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Selection and partial characterization of a Pseudomonas aeruginosa mono-rhamnolipid deficient mutant

Marina Wild, Alma Delia Caro, Ana Lilia Hernández, Raina M Miller, Gloria Soberón-Chávez
DOI: http://dx.doi.org/10.1111/j.1574-6968.1997.tb12586.x 279-285 First published online: 1 August 1997


Pseudomonas aeruginosa produces rhamnolipids which are tenso-active compounds with potential industrial and environmental applications. There are two main types of rhamnolipids produced in liquid cultures, rhamnosyl-β-hydroxydecanoyl-β-hydroxydecanoate (mono-rhamnolipid) and rhamnosyl-rhamnosyl-β-hydroxydecanoyl-β-hydroxydecanoate (di-rhamnolipid). In this work we report the selective isolation of a rhamnolipid deficient mutant (IBT8), which does not accumulate mono-rhamnolipid while still producing di-rhamnolipid. IBT8 was selected after random mutagenesis with Tn501; yet, its mono-rhamnolipid deficiency was found associated neither with its Tn501 insertion nor with a possible alteration in the rhlABRI genes for rhamnosyl-transferase 1 synthesis. Different possibilities to explain IBT8 phenotype are discussed.

  • Pseudomonas aeruginosa
  • Rhamnolipid
  • rhl gene

1 Introduction

Rhamnolipids are compounds produced by Pseudomonas aeruginosa which reduce water surface tension and emulsify oil. These compounds are biodegradable and have potential industrial and environmental applications [14]. Recently rhamnolipids have been found to have important antagonistic effects on economically important zoosporic plant pathogens, thus opening their use as biocontrol agents [5].

The rhamnolipids produced by P. aeruginosa in liquid cultures are mainly rhamnosyl-β-hydroxydecanoyl-β-hydroxydecanoate (mono-rhamnolipid) and rhamnosyl-rhamnosyl-β-hydroxydecanoyl-β-hydroxydecanoate (di-rhamnolipid). Rhamnolipid biosynthesis was first described by Burger et al. in 1963 [6] as a series of rhamnose transfers from TDP-rhamnose to β-hydroxydecanoyl-β-hydroxydecanoate. The enzyme rhamnosyl-transferase 1 (Rt 1) catalyzes the synthesis of mono-rhamnolipids while rhamnosyl-transferase 2 (Rt 2) synthesizes di-rhamnolipid from TDP-rhamnose and mono-rhamnolipid.

Genes coding for biosynthesis, regulation and induction of Rt 1 enzyme are organized in tandem in the rhlABRI gene cluster around minute 38 of the P. aeruginosa chromosome [7]. Mutations in any of these rhl genes cause a rhamnolipid minus phenotype which indicates that mono-rhamnolipid is an obligate precursor of di-rhamnolipid. The genes encoding Rt 2 are yet to be described.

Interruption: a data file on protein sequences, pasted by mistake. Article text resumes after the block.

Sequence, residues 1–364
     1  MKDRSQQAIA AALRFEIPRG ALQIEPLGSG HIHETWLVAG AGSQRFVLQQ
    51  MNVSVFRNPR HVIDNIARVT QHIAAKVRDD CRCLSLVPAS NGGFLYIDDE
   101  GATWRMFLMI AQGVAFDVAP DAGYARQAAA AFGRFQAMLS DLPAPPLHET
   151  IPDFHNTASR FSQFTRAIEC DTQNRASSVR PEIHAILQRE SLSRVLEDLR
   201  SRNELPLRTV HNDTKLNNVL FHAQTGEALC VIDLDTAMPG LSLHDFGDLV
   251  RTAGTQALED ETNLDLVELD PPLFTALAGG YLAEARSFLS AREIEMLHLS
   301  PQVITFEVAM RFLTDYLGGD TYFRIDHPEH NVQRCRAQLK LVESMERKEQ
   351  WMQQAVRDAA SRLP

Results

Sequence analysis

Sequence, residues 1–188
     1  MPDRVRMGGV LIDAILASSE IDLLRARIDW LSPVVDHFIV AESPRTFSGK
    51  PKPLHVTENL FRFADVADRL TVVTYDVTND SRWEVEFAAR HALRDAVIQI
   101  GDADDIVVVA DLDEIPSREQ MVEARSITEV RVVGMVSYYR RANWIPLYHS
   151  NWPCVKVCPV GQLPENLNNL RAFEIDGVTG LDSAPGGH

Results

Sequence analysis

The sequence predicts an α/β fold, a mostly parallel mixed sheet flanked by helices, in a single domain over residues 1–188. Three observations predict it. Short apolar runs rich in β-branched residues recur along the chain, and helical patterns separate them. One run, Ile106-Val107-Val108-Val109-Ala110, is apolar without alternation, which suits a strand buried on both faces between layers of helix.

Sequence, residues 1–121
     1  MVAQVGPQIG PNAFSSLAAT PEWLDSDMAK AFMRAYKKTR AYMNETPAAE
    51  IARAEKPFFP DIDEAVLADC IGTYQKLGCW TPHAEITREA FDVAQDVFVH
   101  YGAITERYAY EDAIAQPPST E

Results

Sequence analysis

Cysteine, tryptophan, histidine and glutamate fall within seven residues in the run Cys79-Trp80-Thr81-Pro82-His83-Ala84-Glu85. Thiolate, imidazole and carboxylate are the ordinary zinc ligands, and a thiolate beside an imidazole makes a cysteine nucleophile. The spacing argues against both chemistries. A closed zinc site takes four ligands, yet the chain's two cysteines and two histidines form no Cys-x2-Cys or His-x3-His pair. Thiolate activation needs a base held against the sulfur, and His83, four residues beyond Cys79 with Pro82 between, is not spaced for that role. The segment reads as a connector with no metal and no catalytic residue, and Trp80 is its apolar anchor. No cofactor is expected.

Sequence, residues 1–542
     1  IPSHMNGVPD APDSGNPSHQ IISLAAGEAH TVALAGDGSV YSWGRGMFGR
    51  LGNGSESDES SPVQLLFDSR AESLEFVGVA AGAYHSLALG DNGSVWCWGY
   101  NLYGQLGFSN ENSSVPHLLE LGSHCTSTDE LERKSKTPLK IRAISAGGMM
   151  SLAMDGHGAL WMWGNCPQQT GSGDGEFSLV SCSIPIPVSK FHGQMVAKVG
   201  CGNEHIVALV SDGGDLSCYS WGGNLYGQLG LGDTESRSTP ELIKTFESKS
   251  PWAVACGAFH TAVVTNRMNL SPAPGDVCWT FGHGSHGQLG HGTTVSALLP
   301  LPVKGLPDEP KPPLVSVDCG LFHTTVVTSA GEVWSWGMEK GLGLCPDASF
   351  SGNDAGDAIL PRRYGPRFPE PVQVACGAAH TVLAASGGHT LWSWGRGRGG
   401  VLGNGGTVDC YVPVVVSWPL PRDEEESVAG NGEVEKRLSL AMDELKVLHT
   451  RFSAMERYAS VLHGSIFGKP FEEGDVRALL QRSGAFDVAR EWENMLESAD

In this study we report the selection and characterization of a rhamnolipid deficient mutant (IBT8) which was derived from a P. aeruginosa PAO1 derivative (strain 29-1 [8], Table 1). This mutant is deficient in the production of mono-rhamnolipid, but is still able to produce di-rhamnolipid. We also report that the gene affected in mutant IBT8 is different from the previously described rhlABRI genes involved in Rt 1 enzyme biosynthesis.

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Strains and plasmids used in this study

Strain or plasmidRelevant characteristicsaReference
Pseudomonas aeruginosa
29-1PAO1 mutant, met-9020 catA1 puuA1 lip1[7]
IBT829-1::Tn501 mono-rhamnolipid deficient mutantThis work
29-229-1 Strr spontaneous mutantThis work
ATCC 9027Wild-type strain produces only mono-rhamnolipid[2]
Escherichia coli
UW937thr-1, leu-6, thi-1, lacY-1, supE44, tonA21, λ, gyrA[9]
pUW942RP4-ColE1 Tra+, Tn501, Hgr[9]
pUO58Contains the rhlABRI genes, Apr[6]
pJB3JIRP4 derivative, CMA, Apr, Tcr[18]
pNH2198Cosmid clone with P. aeruginosa DNAThis work
  • aAbbreviations used: Resistance to: ampicillin (Apr), kanamycin (Kmr), mercury (Hgr), streptomycin (Strr) and tetracycline (Tcr). Self transmissible (Tra+), promotes chromosome mobilization (CMA).

2 Materials and methods

2.1 Microbiological procedures

Strains and plasmids used in this work are shown in Table 1. P. aeruginosa strains were routinely grown at 29°C on one of the following media: Pseudomonas Isolation Agar (PIA, Difco), PPGAS [2] (NH4Cl2 0.02 M; KCl 0.02 M; Tris-HCl 0.12 M; MgSO4 0.0016 M; glucose 0.5%; peptone 1%, adjusted to pH 7.2) or PPSW (PPGAS medium supplemented with 2.5 μg/ml of methylene blue and 200 μg/ml of the surfactant cetyl-trimethyl-ammonium-bromide (CTAB)). Antibiotic and mercury concentrations (μg/ml) used for P. aeruginosa and Escherichia coli, respectively, were: carbenicillin (Cb) 300 and 30, mercury (Hg) 10 and 10, streptomycin (Str) 200 and 200, and tetracycline (Tc) 150 and 30. Transformation of P. aeruginosa was done as described by Olsen et al. [9]. Matings were performed mixing a 1:1 proportion of donor:recipient strains and incubating them overnight at 29°C onto agar LB medium. Appropriate dilutions were made on selective media in order to isolate transconjugants. Controls of individual donor and recipient strains were treated similarly to the mixture. Mutagenesis with the transposon Tn501 was carried out by selecting Hgr transconjugants on PIA medium from the cross between E. coli UW937(pUW942) [10] and P. aeruginosa 29-1. Rhamnolipid deficient mutants were selected on PPSW medium by lack of halo formation.